Non-oil revenues drive 9% narrower deficit Y-o-Y in 3Q17
Saudi Arabia’s budget showed a 9% Y-o-Y decline in the fiscal deficit to SAR49bn (USD13bn), thanks to an 80% Y-o-Y increase in non-oil revenues, which compensated for i) 7% Y-o-Y decline in oil revenues; and ii) 5% growth in expenditures. Sharp growth in non-oil revenues reversed a poor performance in 1H17 (contracted 12% Y-o-Y), driven by non-tax revenues, the drivers of which are still difficult to assess, given the limited disclosure. Last year, growth in non-oil revenues was driven predominantly by SAMA’s returns, as well as unidentified sources, which we assume are revenues from government-related entities. On a 9M basis, the deficit has narrowed 40% Y-o-Y to USD32bn, driven, predominantly, by 33% Y-o-Y growth in oil revenues; non-oil revenues are up only 6% Y-o-Y, and spending was flat (see Fig. 2).
Reversal of allowance cuts drives growth in spending for the first time this year; capital expenditure still in the red
Another key highlight of the data was the 5% Y-o-Y growth in total expenditure, driven by a 7% increase in current expenditures, as the decision in May to reverse allowance cuts kicked in. Indeed, the public wage bill was up 9% Y-o-Y after contracting in first two quarters of the year; thereby, driving overall spending growth. Meanwhile, investment spending remained in the red, though contraction narrowed to only 1% Y-o-Y vs. 12% in the preceding quarter, highlighting the fiscal retrenchment’s weighing on economic activity.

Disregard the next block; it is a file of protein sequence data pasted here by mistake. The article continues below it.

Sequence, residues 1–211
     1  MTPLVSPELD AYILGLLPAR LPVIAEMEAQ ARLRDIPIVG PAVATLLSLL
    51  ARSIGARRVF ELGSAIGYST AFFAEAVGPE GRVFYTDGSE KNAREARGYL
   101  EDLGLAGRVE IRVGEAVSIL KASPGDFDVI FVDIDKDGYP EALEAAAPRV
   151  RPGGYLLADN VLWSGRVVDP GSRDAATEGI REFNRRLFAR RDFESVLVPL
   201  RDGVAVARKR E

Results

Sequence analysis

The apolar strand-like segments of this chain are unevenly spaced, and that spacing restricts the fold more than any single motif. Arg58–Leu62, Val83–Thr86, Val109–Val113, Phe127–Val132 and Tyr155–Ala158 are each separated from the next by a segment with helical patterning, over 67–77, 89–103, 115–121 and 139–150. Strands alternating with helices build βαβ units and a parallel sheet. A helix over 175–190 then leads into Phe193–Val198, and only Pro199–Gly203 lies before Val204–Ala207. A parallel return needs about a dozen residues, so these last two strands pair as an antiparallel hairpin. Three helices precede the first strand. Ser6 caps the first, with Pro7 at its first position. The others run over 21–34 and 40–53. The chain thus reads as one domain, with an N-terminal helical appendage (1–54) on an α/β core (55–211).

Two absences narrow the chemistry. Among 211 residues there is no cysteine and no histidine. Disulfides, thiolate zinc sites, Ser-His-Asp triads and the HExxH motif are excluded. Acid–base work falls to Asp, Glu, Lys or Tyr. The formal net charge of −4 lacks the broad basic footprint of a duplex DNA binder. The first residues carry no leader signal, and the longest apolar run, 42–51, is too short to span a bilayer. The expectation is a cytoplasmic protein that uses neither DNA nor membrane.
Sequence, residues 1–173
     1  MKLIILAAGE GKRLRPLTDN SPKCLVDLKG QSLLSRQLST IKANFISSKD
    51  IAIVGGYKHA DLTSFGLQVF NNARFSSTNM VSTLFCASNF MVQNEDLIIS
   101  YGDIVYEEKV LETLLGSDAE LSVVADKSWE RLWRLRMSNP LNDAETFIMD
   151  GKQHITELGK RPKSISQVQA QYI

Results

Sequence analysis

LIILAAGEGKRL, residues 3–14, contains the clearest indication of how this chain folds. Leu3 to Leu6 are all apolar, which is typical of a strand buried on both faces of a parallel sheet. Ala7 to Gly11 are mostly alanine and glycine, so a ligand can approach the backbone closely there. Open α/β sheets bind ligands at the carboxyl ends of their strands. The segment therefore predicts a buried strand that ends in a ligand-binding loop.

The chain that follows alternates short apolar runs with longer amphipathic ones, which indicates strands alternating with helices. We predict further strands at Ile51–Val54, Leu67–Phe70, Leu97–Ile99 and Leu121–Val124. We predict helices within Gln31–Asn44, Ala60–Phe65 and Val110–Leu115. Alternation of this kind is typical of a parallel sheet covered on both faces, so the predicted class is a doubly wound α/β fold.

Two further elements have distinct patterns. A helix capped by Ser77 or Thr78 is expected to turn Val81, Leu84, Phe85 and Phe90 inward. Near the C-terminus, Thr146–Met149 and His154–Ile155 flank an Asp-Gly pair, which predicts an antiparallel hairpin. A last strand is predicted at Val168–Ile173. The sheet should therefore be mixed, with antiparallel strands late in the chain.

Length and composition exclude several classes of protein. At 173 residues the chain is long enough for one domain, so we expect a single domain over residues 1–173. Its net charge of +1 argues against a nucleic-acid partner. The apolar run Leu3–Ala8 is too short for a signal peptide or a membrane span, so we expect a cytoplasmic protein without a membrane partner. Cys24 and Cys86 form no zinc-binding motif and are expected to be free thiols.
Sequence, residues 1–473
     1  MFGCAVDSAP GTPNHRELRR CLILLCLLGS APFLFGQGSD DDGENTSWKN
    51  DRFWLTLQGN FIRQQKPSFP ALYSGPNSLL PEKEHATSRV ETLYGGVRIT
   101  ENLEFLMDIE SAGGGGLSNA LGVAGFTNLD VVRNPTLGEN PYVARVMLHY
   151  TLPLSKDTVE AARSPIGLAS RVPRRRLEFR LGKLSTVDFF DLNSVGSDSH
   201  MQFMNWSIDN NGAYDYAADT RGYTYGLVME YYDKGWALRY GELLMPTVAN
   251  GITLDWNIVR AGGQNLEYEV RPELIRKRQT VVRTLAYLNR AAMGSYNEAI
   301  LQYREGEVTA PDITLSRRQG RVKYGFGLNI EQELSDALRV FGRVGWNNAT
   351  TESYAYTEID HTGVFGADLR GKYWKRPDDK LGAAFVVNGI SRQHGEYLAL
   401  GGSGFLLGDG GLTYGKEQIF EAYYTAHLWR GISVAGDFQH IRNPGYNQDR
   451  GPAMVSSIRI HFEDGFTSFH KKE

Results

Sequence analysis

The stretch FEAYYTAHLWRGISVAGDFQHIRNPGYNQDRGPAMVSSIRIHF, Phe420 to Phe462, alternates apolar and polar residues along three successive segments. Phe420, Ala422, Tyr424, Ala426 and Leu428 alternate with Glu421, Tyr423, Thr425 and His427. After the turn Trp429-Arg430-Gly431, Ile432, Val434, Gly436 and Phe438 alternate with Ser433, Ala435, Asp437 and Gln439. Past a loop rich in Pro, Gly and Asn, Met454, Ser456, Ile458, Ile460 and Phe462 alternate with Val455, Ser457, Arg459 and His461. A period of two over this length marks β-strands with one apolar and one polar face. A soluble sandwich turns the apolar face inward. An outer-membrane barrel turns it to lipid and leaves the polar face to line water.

On track to beat budgeted deficit; awaiting stimulus packages in 2018 to support growth
At 61% of the budgeted deficit, 9M17 fiscal outturn indicates that the gov’t is heading for a narrower deficit than budgeted. This is still contingent upon spending restraint in 4Q, which typically sees more than 40% spending. Such improvement in fiscal balances has been coming at the expense of growth; therefore, the gov’t announced it is planning an expansionary budget in 2018, including stimulus packages (details are likely to be announced before year-end). We maintain our view though that the macroeconomic environment will remain under pressure, probably up to end of 1H17, given the planned fiscal retrenchment measures of i) fuel prices hike; and ii) implementation of the GCC’s thus far broadest-based VAT on 1 Jan 2018.